Home-town comeback as Powell steps out 
of shadows

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HE might never have had chance to play for his home-town club but Daryl Powell is certainly savouring the opportunity to now coach Castleford Tigers.

The former Great Britain centre takes charge for the first time this afternoon when they face Catalan Dragons in Perpignan, fully 11 days after being unveiled as axed Ian Millward’s replacement at Wheldon Road.

A free weekend following Castleford’s exit from the Challenge Cup has given Powell extra time to get to work with his inherited squad after his switch from Championship neighbours Featherstone Rovers and he hopes to see immediate dividends.

The West Yorkshire club are already on the right track after assistant Danny Orr guided them to two wins from three Super League games while in temporary charge, lifting Tigers off the bottom.

Speaking to the Yorkshire Post from Castleford’s training base in the south of France, Powell admits he has been pleased with the squad’s initial reaction.

“It’s been fantastic,” he said.

“The players have responded and have been real passionate about the things we’re doing while, for me, being back in the day-to-day business of being out on the field – far more so than when working with part-time players – has meant a bit of an adjustment process.

“Hopefully, I’ve got my messages across and we’ll start seeing some development on Saturday.

“I’m really looking forward to it. It’s a great opportunity to come over here and get to see the boys in a different environment.

“It’s a very important game for us. We want to build on the win against Hull KR a couple of weeks ago. We have some improving to do but I can see the players are looking confident and really focused on their performance here.”

There is no surprise that Powell has targeted Castleford’s resilience as his principal basis for turning around fortunes.

A renowned defender in his playing days with Sheffield Eagles, Keighley Cougars and Leeds Rhinos, he has transported those beliefs in to all the sides he has coached since with disciplined Featherstone finishing top in each of the last three seasons.

“We have to be consistent and we’ve talked quite a bit about defending,” he added.

“Our focus has to be on the defensive side of our game. We haven’t had a massive amount of time together but we’ve worked hard in training and now need to deliver on the pitch against a very formidable Catalan team.

“The boys are looking forward to that challenge.”

But, undoubtedly, it will be a significant moment too for Powell, not only for the fact he takes charge of a side he supported as a boy but also as it completes the decade-long journey back to life as a Super League head coach.

It was the end of 2003, when his Leeds Rhinos side were denied a Grand Final spot only by a late drop-goal from Wigan’s Danny Tickle, that Powell was last at the helm in the top flight before making way for Tony Smith.

He has admitted since that that top job at Headingley had come too early – Powell was just 35 when he took over in April, 2001 – yet, undeniably, he had a major influence on a group of young players who would soon go on and enjoy unprecedented success in Super League.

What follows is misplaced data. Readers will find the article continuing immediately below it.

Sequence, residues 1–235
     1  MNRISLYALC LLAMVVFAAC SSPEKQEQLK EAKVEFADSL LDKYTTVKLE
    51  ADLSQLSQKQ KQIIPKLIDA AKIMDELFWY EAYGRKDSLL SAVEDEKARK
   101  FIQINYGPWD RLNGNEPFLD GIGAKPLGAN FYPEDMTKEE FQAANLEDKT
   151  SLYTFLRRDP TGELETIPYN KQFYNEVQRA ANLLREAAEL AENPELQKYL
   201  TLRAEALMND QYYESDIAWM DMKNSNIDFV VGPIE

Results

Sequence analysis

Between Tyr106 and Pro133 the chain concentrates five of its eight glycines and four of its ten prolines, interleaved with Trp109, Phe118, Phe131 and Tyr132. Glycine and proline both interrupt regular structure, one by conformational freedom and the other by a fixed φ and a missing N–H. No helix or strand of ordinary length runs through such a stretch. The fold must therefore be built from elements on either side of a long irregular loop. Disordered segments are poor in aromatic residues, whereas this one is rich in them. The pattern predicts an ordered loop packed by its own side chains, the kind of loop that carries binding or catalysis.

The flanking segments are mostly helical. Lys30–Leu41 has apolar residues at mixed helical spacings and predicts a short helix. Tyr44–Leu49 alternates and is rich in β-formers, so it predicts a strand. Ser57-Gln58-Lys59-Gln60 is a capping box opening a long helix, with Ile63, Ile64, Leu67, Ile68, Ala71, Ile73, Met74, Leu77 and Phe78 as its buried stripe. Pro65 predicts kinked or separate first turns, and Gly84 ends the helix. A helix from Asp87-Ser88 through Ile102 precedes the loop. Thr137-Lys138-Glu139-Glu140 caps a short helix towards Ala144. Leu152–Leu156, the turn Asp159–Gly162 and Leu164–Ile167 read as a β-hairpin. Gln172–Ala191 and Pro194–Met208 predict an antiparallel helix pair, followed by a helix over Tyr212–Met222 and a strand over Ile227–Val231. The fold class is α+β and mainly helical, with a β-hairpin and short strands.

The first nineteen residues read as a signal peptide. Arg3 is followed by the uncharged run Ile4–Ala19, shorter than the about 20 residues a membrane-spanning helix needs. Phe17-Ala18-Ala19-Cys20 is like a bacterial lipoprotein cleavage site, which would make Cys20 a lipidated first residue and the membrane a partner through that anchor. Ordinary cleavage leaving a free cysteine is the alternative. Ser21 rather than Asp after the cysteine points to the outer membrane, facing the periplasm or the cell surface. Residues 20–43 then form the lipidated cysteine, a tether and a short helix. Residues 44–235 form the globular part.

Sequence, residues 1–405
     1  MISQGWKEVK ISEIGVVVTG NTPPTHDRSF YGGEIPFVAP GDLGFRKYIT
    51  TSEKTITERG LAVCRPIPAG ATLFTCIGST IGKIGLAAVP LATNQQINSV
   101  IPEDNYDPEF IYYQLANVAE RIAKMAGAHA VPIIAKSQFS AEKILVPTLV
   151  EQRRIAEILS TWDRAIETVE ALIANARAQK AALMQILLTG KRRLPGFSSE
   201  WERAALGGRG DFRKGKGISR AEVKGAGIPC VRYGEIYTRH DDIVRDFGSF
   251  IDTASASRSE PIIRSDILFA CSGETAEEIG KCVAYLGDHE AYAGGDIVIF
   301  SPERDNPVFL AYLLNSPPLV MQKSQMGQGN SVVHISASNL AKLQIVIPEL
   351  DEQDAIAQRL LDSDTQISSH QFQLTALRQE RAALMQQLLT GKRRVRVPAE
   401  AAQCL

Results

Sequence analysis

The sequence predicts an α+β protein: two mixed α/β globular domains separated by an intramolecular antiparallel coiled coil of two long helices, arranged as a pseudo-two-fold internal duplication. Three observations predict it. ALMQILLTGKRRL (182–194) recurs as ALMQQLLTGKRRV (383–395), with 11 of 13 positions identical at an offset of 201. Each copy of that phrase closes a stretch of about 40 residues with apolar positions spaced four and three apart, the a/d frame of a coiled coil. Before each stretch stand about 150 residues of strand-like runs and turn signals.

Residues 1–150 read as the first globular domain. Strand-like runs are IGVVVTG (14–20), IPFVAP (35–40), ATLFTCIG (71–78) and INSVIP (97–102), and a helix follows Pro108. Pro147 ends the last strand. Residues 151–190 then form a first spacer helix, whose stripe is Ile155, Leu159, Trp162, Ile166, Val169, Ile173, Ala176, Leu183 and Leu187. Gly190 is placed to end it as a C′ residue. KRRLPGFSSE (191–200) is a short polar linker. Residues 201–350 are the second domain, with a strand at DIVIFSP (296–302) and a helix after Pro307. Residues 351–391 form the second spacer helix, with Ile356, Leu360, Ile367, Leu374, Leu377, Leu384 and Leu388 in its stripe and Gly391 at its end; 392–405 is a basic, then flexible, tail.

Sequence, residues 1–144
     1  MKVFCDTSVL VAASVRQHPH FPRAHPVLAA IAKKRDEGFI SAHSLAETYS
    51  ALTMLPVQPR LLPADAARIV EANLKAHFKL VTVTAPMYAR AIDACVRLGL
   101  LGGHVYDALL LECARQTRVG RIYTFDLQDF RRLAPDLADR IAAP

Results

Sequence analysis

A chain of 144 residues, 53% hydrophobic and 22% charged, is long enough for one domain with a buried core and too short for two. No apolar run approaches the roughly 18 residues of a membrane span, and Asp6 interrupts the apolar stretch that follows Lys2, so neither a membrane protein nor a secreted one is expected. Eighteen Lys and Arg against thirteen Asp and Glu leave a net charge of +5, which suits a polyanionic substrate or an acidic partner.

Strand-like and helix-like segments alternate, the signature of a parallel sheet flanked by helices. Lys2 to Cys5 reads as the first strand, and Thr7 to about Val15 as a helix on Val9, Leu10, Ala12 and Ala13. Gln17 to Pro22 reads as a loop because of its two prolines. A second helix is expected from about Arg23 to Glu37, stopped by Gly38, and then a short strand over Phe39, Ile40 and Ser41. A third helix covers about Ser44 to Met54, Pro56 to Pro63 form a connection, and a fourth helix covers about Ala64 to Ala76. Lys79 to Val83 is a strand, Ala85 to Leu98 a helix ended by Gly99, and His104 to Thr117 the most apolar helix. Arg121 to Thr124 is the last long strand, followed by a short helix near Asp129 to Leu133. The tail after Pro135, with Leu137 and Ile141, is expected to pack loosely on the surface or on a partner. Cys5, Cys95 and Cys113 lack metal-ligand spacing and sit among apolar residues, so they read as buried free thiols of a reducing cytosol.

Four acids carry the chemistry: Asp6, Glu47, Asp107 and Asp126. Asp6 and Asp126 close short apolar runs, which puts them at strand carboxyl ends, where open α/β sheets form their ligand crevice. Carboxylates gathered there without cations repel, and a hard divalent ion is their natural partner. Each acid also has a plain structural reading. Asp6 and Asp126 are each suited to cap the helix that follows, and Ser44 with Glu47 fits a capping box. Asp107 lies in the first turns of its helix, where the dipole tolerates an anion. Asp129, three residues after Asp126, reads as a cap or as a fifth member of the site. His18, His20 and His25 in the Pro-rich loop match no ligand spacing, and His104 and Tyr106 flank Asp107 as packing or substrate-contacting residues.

Did he think it would take so long to finally get back to the elite?

“You just get on and develop yourself,” insisted Powell, who coached Ireland in 2004 and, more recently, was assistant to England chief Steve McNamara.

“As a coach, I’ve had some interesting experiences over the last 10 years including in rugby union with Leeds Tykes and also, in four- and-a-half years at Featherstone.

“I got a massive amount out of that and it was a real pleasure there.

“You are always looking to improve yourself. I always felt if I worked hard enough it would happen and I have worked pretty hard to get where I am now.”

Powell, who won 33 Great Britain caps, famously became Sheffield’s first professional signing when he joined from Castleford amateurs Redhill in 1984 going on to become a legend for the South Yorkshire club.

However, he revealed: “I would have liked to have played for Cas as I did support them as a young man. But, at the time, they only offered me a trial and I had firm offers from Sheffield Eagles and Hull KR.

“It was Sheffield I chose as I thought they offered me the best opportunity to actually play.

“They only had one team at the time so I knew I was going to be playing first-team rugby league and thrown in at the sharp end of the game.

“I think I was the only player from that Redhill side to sign pro’ but at that time there was no restrictions on overseas players.

“Some top teams were playing with nine, 10 or 11 overseas players and that was the main reason I didn’t join Hull KR as I think they had a dozen in their side. It’s history now, though, and I certainly never held any grudges.

“I made my own path and thoroughly enjoyed my playing career but it will be a proud moment to be able to coach them.

“It is a great honour and there’s lots of things about the side and the club I’m looking to develop and grow.

“Danny Orr has done a wonderful job stabilising things and there’s plenty to build on now starting against Catalan.”

Prop Craig Huby, meanwhile, is set to make his 200th appearance for the club, having made his debut, ironically, in a 39-26 defeat to Powell’s Leeds side in June, 2003.